16. What was the role of Pakistan's spy agency in the Sept. 11 attacks and the subsequent murder of U.S. journalist Daniel Pearl?
The idea that Pakistan is considered a leading American ally in the war on terror is both ironic and a bit disturbing when one considers that there are proven links between Pakistan's intelligence agency, the notorious ISI, and the Taliban, as well as likely ties to al Qaeda and bin Laden.
In October 2001, the Wall Street Journal and many reputable news organizations in South Asia reported that the head of the ISI, Lt. Gen. Mahmoud Ahmad, was fired after being linked to a $100,000 payment that had been wired to al Qaeda hijacker Mohamed Atta in America to pay for the Sept. 11 attacks. The New York Times said the intelligence service even used al Qaeda camps in Afghanistan to train covert operatives for use in a war of terror against India.
In recent weeks, two troubling reports have emerged. The highly regarded French journalist Bernard-Henri Levy has written that Wall Street Journal reporter Pearl had been murdered by elements of the ISI because he'd learned that al Qaeda "is largely controlled by the Pakistani secret service" and that Islamic extremists control the nation's nuclear weapons. And investigative reporter Gerald Posner writes that bin Laden lieutenant Abu Zubaydah not only revealed a link to top Saudis but also to high-ranking Pakistani air force officer Mushaf Ali Mir. Mir, who is said to have cut protection deals in secret meetings with bin Laden, died earlier this year in a plane crash that also killed his wife and closest confidants.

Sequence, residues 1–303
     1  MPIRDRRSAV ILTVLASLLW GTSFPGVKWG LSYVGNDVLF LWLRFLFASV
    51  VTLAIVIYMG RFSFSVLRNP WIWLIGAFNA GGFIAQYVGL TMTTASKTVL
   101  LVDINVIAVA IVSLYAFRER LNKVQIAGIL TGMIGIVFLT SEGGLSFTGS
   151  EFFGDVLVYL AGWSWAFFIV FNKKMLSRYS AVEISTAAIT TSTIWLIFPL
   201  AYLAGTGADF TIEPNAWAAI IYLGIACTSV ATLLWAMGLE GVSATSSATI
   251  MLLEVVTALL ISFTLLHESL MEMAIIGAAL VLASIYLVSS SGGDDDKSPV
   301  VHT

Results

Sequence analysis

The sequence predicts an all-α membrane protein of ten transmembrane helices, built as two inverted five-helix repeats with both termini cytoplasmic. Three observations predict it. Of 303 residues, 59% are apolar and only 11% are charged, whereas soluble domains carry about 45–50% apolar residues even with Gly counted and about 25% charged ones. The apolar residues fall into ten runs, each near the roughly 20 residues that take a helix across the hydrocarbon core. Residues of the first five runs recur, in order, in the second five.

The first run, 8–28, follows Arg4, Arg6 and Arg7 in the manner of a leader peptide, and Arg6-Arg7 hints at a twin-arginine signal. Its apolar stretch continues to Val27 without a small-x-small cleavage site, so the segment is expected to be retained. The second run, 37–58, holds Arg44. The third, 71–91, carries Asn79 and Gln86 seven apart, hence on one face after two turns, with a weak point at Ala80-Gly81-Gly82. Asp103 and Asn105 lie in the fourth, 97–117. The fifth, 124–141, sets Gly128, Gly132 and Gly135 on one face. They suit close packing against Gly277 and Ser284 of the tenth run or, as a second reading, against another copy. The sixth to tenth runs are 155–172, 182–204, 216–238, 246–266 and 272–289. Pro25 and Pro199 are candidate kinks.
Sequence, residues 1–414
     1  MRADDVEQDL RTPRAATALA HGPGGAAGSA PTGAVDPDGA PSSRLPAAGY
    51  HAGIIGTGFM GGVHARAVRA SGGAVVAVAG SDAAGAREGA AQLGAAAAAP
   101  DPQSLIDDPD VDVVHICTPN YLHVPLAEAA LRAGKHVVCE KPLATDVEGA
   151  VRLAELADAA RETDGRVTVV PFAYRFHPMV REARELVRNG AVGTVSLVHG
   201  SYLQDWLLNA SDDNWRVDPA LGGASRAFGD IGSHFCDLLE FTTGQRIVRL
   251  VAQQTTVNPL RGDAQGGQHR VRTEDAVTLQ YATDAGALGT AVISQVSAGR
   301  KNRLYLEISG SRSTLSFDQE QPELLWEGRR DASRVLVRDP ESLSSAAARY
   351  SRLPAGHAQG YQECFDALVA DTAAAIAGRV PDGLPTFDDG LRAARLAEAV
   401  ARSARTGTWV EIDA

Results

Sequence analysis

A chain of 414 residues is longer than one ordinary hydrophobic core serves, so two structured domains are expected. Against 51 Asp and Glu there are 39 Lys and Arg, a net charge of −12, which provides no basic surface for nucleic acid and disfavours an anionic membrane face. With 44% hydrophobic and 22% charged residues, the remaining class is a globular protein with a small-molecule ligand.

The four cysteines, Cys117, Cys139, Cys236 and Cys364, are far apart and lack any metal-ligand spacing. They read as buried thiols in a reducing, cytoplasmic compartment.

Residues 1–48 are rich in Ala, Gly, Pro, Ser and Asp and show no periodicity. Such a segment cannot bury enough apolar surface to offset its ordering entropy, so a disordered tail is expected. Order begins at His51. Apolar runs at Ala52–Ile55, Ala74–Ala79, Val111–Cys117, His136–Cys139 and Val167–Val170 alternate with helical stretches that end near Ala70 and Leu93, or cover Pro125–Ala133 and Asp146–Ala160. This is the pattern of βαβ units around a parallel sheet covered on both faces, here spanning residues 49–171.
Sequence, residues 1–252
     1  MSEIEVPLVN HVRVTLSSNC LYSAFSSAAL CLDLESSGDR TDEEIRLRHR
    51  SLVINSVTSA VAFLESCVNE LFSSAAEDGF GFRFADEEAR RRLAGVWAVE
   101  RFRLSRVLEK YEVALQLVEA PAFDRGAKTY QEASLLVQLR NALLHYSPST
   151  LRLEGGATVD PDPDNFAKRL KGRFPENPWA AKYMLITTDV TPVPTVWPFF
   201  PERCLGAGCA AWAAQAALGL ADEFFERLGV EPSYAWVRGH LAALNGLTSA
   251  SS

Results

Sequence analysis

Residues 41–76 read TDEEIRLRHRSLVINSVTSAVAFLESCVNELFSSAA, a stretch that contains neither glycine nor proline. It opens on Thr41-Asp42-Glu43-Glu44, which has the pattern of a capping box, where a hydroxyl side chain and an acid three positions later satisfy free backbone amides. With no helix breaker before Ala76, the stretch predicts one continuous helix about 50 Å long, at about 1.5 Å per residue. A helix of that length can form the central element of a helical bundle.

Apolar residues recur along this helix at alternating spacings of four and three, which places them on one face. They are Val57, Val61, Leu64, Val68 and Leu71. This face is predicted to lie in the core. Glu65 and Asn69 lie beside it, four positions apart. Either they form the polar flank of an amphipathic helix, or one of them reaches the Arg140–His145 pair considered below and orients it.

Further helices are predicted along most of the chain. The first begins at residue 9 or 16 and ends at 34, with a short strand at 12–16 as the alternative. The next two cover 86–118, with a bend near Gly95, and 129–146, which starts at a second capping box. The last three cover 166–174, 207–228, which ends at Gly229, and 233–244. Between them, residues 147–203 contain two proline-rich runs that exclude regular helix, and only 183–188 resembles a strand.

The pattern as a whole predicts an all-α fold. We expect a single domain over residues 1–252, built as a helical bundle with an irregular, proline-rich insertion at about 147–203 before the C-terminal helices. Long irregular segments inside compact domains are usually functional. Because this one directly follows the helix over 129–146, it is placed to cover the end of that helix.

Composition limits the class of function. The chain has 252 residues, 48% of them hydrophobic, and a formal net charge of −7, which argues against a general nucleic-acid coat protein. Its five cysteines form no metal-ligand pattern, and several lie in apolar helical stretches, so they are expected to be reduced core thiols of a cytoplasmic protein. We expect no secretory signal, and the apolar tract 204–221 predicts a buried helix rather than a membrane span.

17. Who killed five Americans with anthrax?
Actually, it's not clear whether this question should even be on this list. Two years later, it's not known whether the anthrax-laden letters that killed five Americans from Connecticut to Florida, and targeted some leading Democratic pols and TV news anchors, had anything to do with the Sept. 11 attacks. Indeed, the list of potential suspects - al Qaeda terrorists, Saddam, crackpot U.S. scientists - hasn't been narrowed down. Our government's utter cluelessness about a reign of terror that rattled the nation and dominated the headlines in fall 2001 is an investigative failure of epic proportions.